The Occupational Safety and Health Administration found “serious” problems at a Florida prison, prompting the first ever citation for BOP.
For the first time, the Occupational Safety and Health Administration in late November issued a citation to a Bureau of Prisons facility for unsafe working conditions. The Miami low-security federal correctional institution must take steps to address OSHA’s recommendations by Jan. 15.
Government Executive obtained a copy of the notice from a correctional officer in Florida. OSHA issued the citation on Nov. 26, 2019, following an August 2, 2018, inspection where inspectors found “serious” violations of the federal regulation that requires agencies to foster a workplace free from conditions that could cause death or physical harm. A Labor Department spokesperson told Government Executive it is the first time OSHA has cited the Bureau of Prisons for such violations.
In the complaint, OSHA cited two examples of inmate violence at the institution. In May 2018, “an unescorted inmate with a history of exhibiting sexually aggressive disruptive behavior was in the lobby of the [Health Services Unit] for no reason when he sexually assaulted a pharmacist by grabbing her buttocks.” Then in July, “an argumentative prison inmate in the Special Housing Unit tried to assault a correctional officer through the shower cell where the door slot remained open.”
Nancy Ayers, bureau of prisons spokesperson, told Government Executive “the bureau continuously reviews and takes steps to address and mitigate the risks associated with disruptive inmates and takes very seriously any and all assaults and physical attacks against any persons including BOP staff, contractors and volunteers.”
Joe Rojas, the southeast regional vice president at the Council of Prison Locals, said such incidents cited by OSHA are not unusual in the prison system. He said low staffing numbers at facilities nationwide are the worst he’s seen in over 24 years working in the prison system. In recent years, overwhelmed correctional officers at various locations have begun taking their concerns directly to OSHA “because this had to be addressed,” Rojas said.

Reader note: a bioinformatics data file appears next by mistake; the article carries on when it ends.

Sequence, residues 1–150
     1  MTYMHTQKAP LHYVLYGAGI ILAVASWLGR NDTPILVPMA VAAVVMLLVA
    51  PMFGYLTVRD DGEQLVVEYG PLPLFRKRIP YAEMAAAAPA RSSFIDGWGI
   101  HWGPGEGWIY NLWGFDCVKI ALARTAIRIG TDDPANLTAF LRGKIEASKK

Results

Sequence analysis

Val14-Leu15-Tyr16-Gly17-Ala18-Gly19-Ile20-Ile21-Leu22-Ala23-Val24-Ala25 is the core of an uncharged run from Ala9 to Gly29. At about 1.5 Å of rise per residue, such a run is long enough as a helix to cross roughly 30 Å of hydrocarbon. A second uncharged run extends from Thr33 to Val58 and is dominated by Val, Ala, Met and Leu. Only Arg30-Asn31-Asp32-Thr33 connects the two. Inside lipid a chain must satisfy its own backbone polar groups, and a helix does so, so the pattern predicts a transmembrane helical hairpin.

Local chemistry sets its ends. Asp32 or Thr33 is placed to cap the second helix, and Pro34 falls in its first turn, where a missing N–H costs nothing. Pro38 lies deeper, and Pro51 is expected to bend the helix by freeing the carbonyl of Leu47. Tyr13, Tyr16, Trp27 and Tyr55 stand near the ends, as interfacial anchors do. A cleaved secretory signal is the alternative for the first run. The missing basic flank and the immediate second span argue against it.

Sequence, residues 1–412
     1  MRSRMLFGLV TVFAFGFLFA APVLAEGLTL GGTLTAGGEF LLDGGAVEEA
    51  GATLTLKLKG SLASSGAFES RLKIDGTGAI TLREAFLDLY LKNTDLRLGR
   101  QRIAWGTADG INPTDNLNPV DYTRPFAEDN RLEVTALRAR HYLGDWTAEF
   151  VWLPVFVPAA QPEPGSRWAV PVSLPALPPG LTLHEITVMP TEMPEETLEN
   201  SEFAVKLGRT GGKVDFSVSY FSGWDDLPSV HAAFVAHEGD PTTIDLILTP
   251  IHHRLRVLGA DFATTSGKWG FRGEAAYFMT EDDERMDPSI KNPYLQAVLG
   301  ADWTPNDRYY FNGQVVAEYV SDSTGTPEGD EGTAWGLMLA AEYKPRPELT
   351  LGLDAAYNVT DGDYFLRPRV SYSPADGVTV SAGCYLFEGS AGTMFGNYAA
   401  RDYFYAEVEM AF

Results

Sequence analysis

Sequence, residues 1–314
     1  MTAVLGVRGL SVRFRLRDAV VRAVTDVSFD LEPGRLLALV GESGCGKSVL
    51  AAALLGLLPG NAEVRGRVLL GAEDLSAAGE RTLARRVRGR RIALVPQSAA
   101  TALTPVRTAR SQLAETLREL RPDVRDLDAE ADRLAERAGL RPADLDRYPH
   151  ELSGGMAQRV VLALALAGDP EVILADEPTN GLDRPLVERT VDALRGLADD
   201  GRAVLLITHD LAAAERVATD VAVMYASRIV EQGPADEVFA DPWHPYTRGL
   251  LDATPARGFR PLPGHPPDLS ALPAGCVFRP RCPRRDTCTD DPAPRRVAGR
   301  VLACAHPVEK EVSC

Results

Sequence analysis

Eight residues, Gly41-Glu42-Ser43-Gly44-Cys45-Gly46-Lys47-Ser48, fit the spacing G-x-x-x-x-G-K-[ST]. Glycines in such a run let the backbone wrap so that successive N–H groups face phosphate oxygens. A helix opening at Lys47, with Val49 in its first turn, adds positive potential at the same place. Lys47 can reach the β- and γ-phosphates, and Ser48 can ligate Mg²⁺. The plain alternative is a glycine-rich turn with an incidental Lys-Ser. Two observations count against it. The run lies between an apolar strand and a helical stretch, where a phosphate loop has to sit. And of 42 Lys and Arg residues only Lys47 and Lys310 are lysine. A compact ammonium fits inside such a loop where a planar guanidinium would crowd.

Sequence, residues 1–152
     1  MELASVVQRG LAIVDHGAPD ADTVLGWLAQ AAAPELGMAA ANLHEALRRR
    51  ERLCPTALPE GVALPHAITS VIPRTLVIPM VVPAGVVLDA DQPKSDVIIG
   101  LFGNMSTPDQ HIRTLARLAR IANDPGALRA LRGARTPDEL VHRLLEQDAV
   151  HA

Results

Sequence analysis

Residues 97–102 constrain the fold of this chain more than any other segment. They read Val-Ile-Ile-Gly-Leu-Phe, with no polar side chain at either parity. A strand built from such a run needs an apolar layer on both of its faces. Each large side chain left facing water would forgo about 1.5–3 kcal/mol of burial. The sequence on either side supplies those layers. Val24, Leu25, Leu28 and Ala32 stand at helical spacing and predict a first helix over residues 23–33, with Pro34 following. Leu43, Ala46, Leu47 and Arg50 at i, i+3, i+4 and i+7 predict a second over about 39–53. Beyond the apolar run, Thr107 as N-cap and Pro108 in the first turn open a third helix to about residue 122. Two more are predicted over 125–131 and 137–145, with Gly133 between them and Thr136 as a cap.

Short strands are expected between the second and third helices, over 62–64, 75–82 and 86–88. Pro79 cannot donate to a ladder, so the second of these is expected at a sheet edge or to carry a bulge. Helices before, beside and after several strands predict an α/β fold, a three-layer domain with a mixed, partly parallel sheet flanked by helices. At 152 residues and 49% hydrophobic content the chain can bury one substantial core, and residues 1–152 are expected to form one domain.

Under the law, OSHA may not fine another federal agency, but Rojas said the citation is “a big deal” because it “shows that what we’re saying is valid.”
“I’m glad to see that OSHA has stepped in,” said Brian Dawe, CEO of the American Correctional Officer Intelligence Network, a former state correctional officer and co-founder of the Massachusetts Correctional Officers Federated Union. He said prison employees can experience “mental damage” from dangerous workplace conditions, which he said accounts for the high suicide rate among correctional officers. “I have heard a lot of people wanting to do this,” Dawe said of correctional officers turning to OSHA. “But I’ve never seen an actual complaint come forward ... This is the first time I’ve ever seen a complaint issued like this.”
Among the “feasible and acceptable means of abatement” required by OSHA by Jan. 15 are:
- Consider installing barriers in the hallways and video surveillance in common areas in the health services unit.
- Create and implement a way to make sure only inmates who need medical services can enter the health services unit.
- Re-evaluate the body alarm system and give employees “clear written procedures” on how to use it.
- Revise procedures for inmate showers.
- Update the BOP Workplace Violence Prevention, Staff Program statement to “specifically address inmate-on-staff violence, worksite hazard analysis, hazard prevention, reporting incidents of inmate-on-staff violence, and training” and do annual reviews of the program.
- Make sure contract employees are trained to handle potentially violent situations.
- Create a process to flag inmates who were transferred from higher security facilities, have a history of gang violence and/or have displayed aggressive behavior to staff.
Given the extent and specificity of OSHA’s recommendations, Dawe said, “I can only assume there’s a lot more to these stories than we’re seeing.”